A full reboot of a computer driven device involves removing or detaching the battery for a complete shutdown, not something we really want to attempt on ourselves. While there are scientific studies exploring the possibilities of rebooting human cells and even organs, quieting the mind and the body serves to provide the necessary "time out" to refresh and restore performance and quality of life for humans. It's interesting that while we can usually easily recognize the need for a device to reboot, we seem to frequently ignore our own need to do so.
When I was a kid, I rebooted all the time. I'd lie on the ground watching the clouds go by, or sit in the branches of a tree listening to the sounds of the forest, or watch the fish in my dad's tank endlessly swim. Maybe this natural ability to effortlessly reboot is one of the reasons children are so resilient. As adults, we seem inclined to override our need to take a time out and instead muscle through to where we think is an appropriate stopping point, or sometimes even until we break down.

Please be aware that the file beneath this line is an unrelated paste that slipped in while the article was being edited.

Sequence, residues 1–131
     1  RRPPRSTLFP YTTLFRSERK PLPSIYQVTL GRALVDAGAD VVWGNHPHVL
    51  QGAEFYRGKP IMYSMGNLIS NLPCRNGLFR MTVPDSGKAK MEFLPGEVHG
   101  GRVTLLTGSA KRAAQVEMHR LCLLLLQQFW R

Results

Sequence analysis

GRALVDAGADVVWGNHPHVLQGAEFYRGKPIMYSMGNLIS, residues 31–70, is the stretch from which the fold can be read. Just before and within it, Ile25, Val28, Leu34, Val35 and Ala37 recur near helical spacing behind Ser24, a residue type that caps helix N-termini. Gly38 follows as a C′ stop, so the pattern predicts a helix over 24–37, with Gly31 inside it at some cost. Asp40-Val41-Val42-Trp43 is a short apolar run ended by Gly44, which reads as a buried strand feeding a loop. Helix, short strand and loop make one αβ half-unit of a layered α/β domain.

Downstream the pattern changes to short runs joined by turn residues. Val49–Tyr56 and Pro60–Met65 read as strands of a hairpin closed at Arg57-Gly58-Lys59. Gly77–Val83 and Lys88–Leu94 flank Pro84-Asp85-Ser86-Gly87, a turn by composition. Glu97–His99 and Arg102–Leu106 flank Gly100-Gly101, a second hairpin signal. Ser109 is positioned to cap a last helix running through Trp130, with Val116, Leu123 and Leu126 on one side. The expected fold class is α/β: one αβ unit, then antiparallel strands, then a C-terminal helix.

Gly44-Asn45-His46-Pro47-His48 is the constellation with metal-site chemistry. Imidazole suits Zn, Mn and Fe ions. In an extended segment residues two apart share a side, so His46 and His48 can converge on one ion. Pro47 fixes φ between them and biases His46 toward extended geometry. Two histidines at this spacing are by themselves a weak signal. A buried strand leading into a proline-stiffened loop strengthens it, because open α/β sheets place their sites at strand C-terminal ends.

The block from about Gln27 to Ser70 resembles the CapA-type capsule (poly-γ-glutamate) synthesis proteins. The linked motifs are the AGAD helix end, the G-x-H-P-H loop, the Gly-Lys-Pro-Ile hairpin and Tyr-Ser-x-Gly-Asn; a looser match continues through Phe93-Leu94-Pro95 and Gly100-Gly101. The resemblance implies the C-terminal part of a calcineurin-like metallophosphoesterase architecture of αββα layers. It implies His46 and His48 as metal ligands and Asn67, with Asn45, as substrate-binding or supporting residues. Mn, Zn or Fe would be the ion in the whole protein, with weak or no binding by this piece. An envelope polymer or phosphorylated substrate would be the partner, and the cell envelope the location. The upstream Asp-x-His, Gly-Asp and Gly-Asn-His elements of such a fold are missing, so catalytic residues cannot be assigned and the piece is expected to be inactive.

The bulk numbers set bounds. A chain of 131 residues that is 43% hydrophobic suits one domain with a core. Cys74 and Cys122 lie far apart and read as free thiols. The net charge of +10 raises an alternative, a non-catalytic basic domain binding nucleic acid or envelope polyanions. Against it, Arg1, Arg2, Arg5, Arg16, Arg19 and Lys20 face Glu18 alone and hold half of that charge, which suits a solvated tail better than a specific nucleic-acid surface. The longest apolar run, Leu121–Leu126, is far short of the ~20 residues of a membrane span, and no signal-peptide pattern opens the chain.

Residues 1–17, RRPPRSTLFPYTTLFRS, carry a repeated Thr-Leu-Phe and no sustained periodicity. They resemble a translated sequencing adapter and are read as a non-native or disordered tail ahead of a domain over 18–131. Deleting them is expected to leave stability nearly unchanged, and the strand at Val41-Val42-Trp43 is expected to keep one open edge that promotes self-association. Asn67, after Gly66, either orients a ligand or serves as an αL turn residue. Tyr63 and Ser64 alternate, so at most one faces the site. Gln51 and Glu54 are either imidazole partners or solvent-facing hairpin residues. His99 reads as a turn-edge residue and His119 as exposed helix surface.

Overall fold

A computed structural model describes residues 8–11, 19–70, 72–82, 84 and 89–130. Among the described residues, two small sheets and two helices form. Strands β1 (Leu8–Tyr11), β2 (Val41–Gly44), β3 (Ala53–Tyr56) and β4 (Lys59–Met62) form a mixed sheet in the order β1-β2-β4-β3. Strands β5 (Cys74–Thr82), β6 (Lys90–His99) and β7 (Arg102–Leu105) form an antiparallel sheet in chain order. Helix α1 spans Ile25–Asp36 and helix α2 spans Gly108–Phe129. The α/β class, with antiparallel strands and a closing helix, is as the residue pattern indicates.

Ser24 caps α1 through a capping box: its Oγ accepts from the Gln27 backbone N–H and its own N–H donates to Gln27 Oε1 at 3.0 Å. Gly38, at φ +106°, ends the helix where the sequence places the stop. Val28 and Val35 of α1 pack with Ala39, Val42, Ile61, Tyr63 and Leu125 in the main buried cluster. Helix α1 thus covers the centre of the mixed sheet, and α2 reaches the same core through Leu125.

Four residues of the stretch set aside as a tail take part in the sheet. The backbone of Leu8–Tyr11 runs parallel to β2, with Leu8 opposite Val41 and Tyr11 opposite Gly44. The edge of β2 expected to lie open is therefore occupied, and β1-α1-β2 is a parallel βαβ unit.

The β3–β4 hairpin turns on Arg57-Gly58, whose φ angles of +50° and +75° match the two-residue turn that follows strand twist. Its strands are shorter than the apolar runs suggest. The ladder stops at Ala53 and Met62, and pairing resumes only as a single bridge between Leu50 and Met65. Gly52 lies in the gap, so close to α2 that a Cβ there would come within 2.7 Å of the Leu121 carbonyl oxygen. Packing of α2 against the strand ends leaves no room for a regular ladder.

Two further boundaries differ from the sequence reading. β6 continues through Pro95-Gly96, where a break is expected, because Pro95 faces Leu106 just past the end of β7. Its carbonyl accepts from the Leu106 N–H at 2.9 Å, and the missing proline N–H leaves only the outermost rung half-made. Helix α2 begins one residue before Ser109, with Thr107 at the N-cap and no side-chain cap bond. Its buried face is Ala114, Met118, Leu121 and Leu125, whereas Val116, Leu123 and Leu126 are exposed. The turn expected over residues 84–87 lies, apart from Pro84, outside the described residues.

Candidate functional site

There are lots of ways to refresh and restore ourselves, many of them taking as little time as a phone reboot. Close your eyes and with complete focus slowly count your breath in, then out. Notice the pause between breaths and do it again two more times. Or stop for a few minutes and direct your full attention to nature: a bird in flight, the intricate whorls of a pineapple, the bark of a tree. If you are indoors, try pressing your feet into the floor while you push your hands against a wall, noticing the support you receive and the flow of energy through your body. Restorative yoga, floating in warm water, meditation, a walk in the woods or at the beach take a little longer but you may find that the clarity of thought and sense of well being is well worth the investment of time. As author Anne Lamott recently wrote, "Almost everything will work again if you unplug it for a few minutes. Even You."